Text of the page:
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NB: The headline has been modified to reflect that the information in this story comes from a single, unofficial source.
MOSCOW, September 10 (RIA Novosti) – The value of the cybercrime market in Russia dropped 6 percent to $1.93 billion last year, compared with $2 billion the year before, a top cyber security expert said Tuesday.
The government’s crackdown on some of the most active cybercriminal groups is a key reason for the fall, Nikita Kislitsin, head of the botnet-monitoring department at international cybersecurity company Group-IB, said at a RIA Novosti press conference.
Illegal money transfers, he said, make up the largest share – 43.1 percent – of online fraud attempts. The average amount stolen from an individual’s bank account was 75,000 rubles ($2,300) last year, according to Group-IB’s estimates. The average stolen from a legal entity’s account was more than 1.6 billion rubles ($48 million), the company said.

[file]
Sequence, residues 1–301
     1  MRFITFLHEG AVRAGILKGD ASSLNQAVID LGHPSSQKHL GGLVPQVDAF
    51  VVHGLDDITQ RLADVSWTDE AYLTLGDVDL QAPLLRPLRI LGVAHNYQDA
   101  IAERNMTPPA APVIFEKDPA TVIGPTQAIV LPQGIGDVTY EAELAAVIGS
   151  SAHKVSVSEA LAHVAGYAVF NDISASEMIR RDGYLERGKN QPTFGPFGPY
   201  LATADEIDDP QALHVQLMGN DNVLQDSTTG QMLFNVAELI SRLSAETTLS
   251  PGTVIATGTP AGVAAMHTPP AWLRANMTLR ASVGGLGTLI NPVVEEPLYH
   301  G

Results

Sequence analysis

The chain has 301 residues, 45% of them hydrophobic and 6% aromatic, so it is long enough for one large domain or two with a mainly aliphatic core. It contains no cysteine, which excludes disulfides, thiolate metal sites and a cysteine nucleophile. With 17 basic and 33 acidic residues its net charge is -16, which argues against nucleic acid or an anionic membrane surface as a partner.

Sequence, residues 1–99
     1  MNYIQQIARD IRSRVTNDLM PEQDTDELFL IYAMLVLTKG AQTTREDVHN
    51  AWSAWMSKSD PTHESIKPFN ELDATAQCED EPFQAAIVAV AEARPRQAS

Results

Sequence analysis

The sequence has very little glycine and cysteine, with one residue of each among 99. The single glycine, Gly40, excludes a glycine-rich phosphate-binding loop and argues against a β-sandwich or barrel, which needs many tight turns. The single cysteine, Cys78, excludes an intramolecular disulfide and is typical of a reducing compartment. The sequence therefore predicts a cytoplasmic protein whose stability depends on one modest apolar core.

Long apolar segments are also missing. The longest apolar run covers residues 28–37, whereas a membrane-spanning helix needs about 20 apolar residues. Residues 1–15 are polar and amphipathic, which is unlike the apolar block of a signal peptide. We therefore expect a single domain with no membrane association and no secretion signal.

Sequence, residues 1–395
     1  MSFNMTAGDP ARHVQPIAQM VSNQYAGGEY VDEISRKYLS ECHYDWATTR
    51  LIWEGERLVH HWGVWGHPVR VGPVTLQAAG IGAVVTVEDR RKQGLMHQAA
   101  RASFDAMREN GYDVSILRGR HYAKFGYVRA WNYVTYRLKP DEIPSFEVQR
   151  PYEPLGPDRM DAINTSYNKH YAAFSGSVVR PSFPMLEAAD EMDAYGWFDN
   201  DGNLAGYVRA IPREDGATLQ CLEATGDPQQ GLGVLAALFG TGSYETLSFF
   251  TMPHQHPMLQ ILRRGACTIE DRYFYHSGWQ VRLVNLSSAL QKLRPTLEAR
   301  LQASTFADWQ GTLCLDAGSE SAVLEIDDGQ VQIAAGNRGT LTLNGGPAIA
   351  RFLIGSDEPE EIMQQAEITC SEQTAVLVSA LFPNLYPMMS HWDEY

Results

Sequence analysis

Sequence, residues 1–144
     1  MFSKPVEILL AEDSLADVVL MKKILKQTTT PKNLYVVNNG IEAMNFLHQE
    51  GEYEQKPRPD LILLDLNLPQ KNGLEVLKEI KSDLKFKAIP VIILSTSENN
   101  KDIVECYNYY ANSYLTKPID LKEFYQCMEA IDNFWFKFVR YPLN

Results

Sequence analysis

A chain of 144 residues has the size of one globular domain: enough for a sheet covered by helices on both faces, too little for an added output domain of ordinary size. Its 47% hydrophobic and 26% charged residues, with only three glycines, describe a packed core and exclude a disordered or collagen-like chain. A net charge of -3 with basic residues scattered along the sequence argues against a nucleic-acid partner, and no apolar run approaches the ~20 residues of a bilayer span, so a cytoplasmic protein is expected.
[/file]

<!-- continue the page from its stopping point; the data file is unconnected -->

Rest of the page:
A reduction in successful theft attempts from remote banking systems was an important contributor to the drop in cybercrime. Group-IB experts monitored the activities of 12 organized crime groups during investigations last year. According to Kislitsin, despite a large number of theft attempts, each group made only an average of four successful fraudulent transactions per day.
Authorities have gotten better at exchanging information on people and organizations involved in cashing stolen funds, which allowed identification and prevention of fraudulent transactions, Kislitsin said.
He noted that large banks had also been more actively implementing anti-fraud systems, which contributed to the drop in successful theft attempts.
Russia is renowned internationally for its high involvement in the cybercrime market – not only in the country itself, but by “Russian speakers” worldwide, Group-IB said.
Another Group-IB study published last year found that Russian-speaking cybercriminals around the globe raked in over $4 billion in 2011 – nearly a third of that year’s $12.5 billion global cybercrime market.
The global community has started to crack down on cybercriminals in recent years.
In January, US federal prosecutors convicted Russian national Nikita Kuzmin for creating the Gozi Trojan – malware that infected more than 1 million computers globally and led to tens of billions of dollars in losses at several major US banks.
Group-IB claims in news releases on its website to have assisted authorities with investigations that ultimately resulted in the arrests of numerous cybercriminals around the world.
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